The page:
Prosecutors release discs of Kimberly Kessler's jailhouse calls to defense

Final report on her mental competency could be delayed due to discovery material

NASSAU COUNTY, Fla. – The defense lawyer for Kimberly Kessler has given notice to the trial judge that a final report on her mental competency is going to be delayed because of new discovery material she just received from prosecutors.

News4Jax learned of the notice Wednesday, before a pretrial hearing Thursday afternoon at the Nassau County Courthouse for Kessler, who is charged in connection with the disappearance and presumed death of Joleen Cummings, a 34-year-old mother of three.

Kessler's lawyer said she got more than a dozen discs this week from the State Attorney’s Office that contain “information which will be relevant to a determination of competency” that the psychologist will want to review. The lawyer said it will take two to three weeks to transcribe and present the evidence to the psychologist, and more time thereafter for a final opinion to be rendered to the court.

Kessler was not in court Thursday, but during the hearing, it was revealed the 19 discs contain audio of Kessler's jailhouse phone calls. The News4Jax I-TEAM has not yet obtained them, but has new insight from an inside source about what Kessler has been heard saying on the jailhouse phones. 

Mollie Cash, who is accused of shooting her girlfriend in an Amtrak parking lot last year, can be heard describing Kessler's behavior in previously released audio of an interview with the FBI and local investigators.

"She's on the phone nonstop. It's nonstop, nonstop. She sits on the phone during meals, which our phones get cut off during meals, and she just sits there and talks," Cash can be heard telling investigators.

Shortly after Cash's arrest, Kessler was moved in June near Cash's cell in the Duval County jail following a hunger strike at the Nassau County Jail

"She said she has 18 different people, that she is 18 different people. It was 14, now it's 18," Cash said.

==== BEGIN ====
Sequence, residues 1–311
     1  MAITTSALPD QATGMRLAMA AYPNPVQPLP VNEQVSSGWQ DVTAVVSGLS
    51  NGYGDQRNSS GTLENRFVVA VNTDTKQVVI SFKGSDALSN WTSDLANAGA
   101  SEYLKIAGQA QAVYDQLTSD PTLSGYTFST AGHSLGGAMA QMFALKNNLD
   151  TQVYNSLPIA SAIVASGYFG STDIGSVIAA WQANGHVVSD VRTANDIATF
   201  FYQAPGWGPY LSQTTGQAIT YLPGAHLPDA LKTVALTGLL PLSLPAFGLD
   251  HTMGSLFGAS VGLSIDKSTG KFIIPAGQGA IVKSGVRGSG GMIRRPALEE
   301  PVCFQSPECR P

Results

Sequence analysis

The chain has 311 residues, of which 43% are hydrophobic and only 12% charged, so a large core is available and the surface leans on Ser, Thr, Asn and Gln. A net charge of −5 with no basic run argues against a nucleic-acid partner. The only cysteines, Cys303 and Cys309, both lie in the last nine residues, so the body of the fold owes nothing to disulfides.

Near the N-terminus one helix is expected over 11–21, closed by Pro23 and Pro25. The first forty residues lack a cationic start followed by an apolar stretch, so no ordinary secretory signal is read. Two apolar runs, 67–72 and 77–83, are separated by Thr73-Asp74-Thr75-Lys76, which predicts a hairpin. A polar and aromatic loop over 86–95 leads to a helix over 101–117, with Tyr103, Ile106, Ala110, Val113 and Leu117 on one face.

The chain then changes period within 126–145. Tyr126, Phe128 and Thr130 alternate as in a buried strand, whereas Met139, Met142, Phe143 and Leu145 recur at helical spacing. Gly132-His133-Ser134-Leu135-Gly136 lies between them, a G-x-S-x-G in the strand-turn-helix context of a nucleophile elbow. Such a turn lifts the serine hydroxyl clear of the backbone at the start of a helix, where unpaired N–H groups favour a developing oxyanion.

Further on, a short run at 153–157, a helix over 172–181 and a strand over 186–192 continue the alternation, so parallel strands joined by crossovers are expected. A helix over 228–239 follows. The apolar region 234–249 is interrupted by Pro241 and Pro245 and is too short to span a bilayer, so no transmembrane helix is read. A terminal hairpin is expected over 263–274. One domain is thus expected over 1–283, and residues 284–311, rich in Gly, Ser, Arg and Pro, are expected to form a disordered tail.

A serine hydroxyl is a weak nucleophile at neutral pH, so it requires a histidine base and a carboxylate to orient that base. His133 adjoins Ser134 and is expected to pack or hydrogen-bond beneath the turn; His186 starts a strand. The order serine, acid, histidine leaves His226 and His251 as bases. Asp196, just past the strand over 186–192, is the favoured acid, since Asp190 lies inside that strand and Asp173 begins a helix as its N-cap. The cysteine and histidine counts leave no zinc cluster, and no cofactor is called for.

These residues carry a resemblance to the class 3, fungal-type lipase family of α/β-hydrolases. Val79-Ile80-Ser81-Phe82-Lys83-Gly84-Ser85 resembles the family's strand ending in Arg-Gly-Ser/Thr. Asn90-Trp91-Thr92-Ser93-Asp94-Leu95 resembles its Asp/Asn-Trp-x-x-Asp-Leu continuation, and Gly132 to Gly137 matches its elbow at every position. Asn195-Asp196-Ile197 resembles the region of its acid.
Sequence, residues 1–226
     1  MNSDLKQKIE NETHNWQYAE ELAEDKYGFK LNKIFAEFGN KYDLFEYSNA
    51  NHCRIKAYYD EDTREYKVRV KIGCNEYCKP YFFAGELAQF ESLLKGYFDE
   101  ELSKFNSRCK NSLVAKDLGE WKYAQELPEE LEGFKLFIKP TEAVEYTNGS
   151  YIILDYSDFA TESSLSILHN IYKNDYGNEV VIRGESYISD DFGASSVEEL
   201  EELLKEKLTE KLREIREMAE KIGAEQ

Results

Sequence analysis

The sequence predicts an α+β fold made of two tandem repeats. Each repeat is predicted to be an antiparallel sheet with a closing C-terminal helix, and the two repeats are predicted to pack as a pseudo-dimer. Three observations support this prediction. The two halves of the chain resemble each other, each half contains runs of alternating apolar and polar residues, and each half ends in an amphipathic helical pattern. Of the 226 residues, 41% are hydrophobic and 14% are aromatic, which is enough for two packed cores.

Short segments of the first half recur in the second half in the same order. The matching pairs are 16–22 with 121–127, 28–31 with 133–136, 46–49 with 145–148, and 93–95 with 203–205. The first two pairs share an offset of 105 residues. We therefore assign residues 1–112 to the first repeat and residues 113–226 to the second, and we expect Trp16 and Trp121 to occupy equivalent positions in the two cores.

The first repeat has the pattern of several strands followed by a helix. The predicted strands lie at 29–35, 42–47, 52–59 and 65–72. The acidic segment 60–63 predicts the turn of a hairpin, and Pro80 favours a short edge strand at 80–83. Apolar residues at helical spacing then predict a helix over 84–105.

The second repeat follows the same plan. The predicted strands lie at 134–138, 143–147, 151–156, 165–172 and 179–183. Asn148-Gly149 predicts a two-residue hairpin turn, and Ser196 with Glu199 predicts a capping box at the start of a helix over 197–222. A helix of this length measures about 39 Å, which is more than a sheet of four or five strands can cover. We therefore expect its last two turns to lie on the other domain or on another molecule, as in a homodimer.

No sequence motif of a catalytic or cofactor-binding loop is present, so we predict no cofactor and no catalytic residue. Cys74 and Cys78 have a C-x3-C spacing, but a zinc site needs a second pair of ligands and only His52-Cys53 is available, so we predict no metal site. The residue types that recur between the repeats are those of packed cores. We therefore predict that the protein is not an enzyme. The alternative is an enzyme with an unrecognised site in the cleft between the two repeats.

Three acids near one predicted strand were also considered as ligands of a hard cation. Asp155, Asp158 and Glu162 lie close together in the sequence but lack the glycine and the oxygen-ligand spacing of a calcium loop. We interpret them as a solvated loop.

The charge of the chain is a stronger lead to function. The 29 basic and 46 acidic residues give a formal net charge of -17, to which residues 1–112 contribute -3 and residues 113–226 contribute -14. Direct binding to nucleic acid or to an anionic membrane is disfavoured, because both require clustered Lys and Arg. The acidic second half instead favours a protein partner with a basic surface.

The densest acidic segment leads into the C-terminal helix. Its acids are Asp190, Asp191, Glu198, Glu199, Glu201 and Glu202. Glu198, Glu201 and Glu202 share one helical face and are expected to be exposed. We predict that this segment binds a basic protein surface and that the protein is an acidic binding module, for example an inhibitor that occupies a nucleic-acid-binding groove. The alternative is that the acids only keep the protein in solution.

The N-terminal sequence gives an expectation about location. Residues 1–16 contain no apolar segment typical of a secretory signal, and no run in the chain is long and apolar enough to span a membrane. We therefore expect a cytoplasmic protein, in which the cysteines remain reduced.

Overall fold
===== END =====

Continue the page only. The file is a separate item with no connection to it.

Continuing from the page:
Cash told investigators Kessler seems to think she's talking to her mother. She's unsure if those are actual or fake conversations, but Cash heard her talking about Cummings to her mother.

Cash: "She says that the person, that lady had her son and so she had to go and get her son."
Detective: "When she says that lady, do you know what lady she was talking about? 
Cash: "The one that's missing in Nassau County."
Detective: "How do you know that?"
Cash: "Because she told us. She talks on the phone. She's not telling us, but she talks on the phone very loud and obnoxiously when the phones aren't even cut on."

Cash said Kessler is seen wearing a turban around the jail and was identifying herself as Jennifer Sybert, one of her many aliases.

Cash: "All she does is read her Bible ... She said they were poisoning her food and it's because she pissed off the wrong people and she didn't do nothing wrong and she is here because the state attorney said she deserved better treatment than that what Nassau County was giving her because she was letting them poison her food."
Detective: "The state attorney?"
Cash: "I'm a little off my rocker, I'm not that off my rocker."

Also during Thursday's hearing, there was a lot of back and forth between the judge and the attorneys. The judge wants to get a trial date soon. He said he knows they're not even close, but said they need something to work toward. He asked Kessler's attorney if she could prepare for trial in 30 days if Kessler was to be found competent. The attorney said more like 90 to 120 days, which the judge said was realistic.

Prosecutors argued Kessler is competent to stand trial. Last month, the I-TEAM obtained Kessler's phone records which show she was searching how to dissect a body before Kessler went missing.

Kessler's defense team suggested they would look at the men in Cummings' life as possible suspects in her disappearance.

The judge set the next court date for April 18 and Kessler is expected to be there.

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